555 Law and Financial Anxiety

This course identifies and explores aspects of the American legal system that have effects – both negative and positive – on the ability of people and society to prevent the onset of financial anxiety and economic insecurity.   Set in the context of the COVID-19 pandemic but with analogues in laws that were enacted and implemented in other contexts,  the class will explore the meaning of financial anxiety and economic insecurity and discuss why they matter.  The class will then explore various laws. and their implementation by federal and state agencies, as relevant to financial anxiety and economic insecurity.   Subjects that bear upon financial anxiety that will be explored through the prism of law include housing finance, student loan finance, personal information security and climate security. The legislative response to the COVID-19 pandemic, in particular the CARES Act, will be analyzed in relation to how laws regarding financial anxiety and economic insecurity have been crafted by Congress in the last decade as a response to crises such as the financial and foreclosure crisis of 2008,   With these comparative laws and financial contexts, the class will engage in discussions about the extent to which the American legal system is equipped to handle the challenges of dealing with financial anxiety in the context of the COVID-19 pandemic.  We will discuss financial anxiety in the larger context of consumer debt, agency and regulatory action, and legislative responsiveness as well as differential impacts related to debt, race and gender. The readings will come from law and non-law sources. The class will discuss issues relevant to the legal system and the study of business law and finance generally, including the use of data to illuminate legal problems, the role of lawyers and business actors, and the nature of modern policymaking.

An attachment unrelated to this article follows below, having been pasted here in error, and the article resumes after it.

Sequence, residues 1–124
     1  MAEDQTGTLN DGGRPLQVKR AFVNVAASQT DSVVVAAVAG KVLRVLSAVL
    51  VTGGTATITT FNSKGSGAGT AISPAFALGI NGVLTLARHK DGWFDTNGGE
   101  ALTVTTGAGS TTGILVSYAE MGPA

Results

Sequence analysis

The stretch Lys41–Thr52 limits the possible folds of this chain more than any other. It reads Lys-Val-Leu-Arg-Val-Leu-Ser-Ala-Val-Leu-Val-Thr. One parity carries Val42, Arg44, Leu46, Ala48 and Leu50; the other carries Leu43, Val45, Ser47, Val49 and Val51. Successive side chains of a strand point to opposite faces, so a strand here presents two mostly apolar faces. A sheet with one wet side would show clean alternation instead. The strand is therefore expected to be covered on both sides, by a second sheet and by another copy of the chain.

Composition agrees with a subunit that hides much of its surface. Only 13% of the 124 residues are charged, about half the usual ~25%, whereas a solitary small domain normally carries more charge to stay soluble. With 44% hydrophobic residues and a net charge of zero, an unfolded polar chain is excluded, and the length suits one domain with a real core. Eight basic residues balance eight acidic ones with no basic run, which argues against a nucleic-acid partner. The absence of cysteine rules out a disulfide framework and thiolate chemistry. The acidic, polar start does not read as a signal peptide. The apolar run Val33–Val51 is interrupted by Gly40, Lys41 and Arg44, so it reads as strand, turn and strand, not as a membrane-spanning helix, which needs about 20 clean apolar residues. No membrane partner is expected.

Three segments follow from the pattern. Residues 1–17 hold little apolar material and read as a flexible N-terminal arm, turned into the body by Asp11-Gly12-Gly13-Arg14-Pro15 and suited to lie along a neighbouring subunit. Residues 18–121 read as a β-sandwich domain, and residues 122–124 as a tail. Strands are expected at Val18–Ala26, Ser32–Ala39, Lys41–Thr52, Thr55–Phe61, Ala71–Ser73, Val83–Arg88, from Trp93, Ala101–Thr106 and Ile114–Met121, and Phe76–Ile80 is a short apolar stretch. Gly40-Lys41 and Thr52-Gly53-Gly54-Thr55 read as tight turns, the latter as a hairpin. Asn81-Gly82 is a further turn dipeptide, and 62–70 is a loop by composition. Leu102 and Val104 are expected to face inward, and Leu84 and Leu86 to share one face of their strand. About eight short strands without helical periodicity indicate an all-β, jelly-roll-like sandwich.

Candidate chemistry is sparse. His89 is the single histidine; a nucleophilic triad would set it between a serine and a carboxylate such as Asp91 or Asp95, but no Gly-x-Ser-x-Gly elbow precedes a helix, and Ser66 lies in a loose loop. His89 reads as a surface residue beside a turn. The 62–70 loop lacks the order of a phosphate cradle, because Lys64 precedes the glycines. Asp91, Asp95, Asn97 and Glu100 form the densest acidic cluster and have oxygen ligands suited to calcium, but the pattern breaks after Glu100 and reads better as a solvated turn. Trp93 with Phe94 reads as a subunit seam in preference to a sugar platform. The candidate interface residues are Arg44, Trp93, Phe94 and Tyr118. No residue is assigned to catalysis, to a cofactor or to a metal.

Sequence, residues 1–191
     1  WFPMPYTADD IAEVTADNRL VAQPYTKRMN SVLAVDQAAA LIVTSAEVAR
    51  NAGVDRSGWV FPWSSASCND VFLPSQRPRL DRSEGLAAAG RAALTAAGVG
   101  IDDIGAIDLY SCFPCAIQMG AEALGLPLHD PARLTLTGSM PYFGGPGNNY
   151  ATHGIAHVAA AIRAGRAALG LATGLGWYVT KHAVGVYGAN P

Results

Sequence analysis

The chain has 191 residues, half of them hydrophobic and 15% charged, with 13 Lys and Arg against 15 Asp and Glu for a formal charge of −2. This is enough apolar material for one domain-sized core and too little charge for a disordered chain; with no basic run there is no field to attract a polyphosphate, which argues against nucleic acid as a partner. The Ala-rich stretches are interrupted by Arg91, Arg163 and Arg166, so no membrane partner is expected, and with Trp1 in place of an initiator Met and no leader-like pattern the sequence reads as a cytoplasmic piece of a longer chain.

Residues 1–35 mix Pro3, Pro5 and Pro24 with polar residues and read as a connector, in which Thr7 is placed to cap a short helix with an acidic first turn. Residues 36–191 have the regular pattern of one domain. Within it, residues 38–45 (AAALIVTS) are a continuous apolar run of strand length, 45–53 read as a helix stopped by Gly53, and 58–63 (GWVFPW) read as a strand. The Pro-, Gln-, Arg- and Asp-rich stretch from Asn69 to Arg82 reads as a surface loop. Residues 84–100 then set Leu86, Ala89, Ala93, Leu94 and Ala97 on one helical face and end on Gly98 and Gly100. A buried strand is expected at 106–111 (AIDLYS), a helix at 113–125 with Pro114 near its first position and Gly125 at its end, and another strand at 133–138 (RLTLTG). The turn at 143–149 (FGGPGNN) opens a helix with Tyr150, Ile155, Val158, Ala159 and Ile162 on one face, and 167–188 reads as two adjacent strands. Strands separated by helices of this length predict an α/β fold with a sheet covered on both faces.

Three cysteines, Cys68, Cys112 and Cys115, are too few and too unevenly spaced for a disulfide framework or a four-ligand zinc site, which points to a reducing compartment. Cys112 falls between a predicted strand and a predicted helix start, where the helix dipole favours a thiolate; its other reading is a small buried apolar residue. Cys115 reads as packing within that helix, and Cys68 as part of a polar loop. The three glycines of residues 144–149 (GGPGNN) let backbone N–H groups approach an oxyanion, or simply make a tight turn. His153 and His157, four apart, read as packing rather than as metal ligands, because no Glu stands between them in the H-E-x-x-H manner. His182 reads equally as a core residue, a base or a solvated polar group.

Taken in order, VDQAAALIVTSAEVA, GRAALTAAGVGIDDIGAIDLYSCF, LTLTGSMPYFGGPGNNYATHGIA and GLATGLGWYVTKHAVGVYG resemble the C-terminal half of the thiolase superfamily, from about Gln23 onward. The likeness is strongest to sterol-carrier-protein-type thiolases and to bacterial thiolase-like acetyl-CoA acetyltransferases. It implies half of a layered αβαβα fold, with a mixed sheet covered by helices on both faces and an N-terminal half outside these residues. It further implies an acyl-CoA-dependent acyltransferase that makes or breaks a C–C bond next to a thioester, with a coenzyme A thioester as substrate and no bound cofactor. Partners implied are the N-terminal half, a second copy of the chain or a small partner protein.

Course Areas of Practice
Evaluation Methods
Reflective Writing
Research paper option, 25+ pages
Research and/or analytical paper(s), 15-20 pages
Oral presentation
Class participation
Course Type
Seminar
Learning Outcomes
Knowledge and understanding of substantive and procedural law
2020
Fall 2020
Course Number Course Credits Evaluation Method Instructor Meeting Day/Times Room

555.01 2
  • Reflective Writing
  • Research paper option, 25+ pages
  • Research and/or analytical paper(s), 15-20 pages
  • Oral presentation
  • Class participation
Sarah Bloom Raskin M 4:00 PM-5:50 PM

This course identifies and explores areas of the American legal system that have effects – both negative and positive – on the ability of people and society to prevent the onset of economic insecurity.   The class first will explore the meaning of economic insecurity and discuss why it matters. We will define the onset of such economic insecurity as financial anxiety.  The class will then explore various areas of the law as relevant to financial anxiety (or the onset of such economic insecurity). Areas of our financial system that will be explored through the prism of law include housing finance, student loan finance and information security. The lessons learned regarding the intersections of law to each of these areas of finance will be drawn from the economic context existing in the United States today and in the last decade, including the financial crisis of 2007 and 2008 as well as the cyber-attacks and other ways in which personal financial data is under assault from poor information security systems.  We will discuss each of these issues in the larger context of consumer debt, agency and regulatory action, and legislative responsiveness as well as differential impacts related to debt, race and gender. The readings will come from law and non-law sources. The class will discuss issues relevant to the legal system and the study of business law and finance generally, including the use of data to illuminate legal problems, the role of lawyer and business actors, and the nature of modern policymaking.

 

Grading Basis: Graded

Pre/Co-requisites
None
Enrollment Restrictions
None
2016
Spring 2016
Course Number Course Credits Evaluation Method Instructor Meeting Day/Times Room

555.01 3 Linda Malone TuTh 1:45-3:05 PM 3000

This course provides a general introduction to international environmental law and policy. We will begin by exploring the economic, political, and legal concepts relevant to international environmental treaty regimes. We will then apply these concepts to concrete regimes designed to deal with specific international environmental problems, such as transboundary air pollution, atmospheric pollution, marine pollution, fisheries depletion, and biodiversity and habitat loss. The course focuses principally on the dynamic of treaties, negotiations, and state and non-state actors on the international plane, and much less on domestic legislation.

Grades will be awarded on the basis of class participation and a final paper. 

Pre/Co-requisites
None
Enrollment Restrictions
None

*Please note that this information is for planning purposes only, and should not be relied upon for the schedule for a given semester. Faculty leaves and sabbaticals, as well as other curriculum considerations, will sometimes affect when a course may be offered.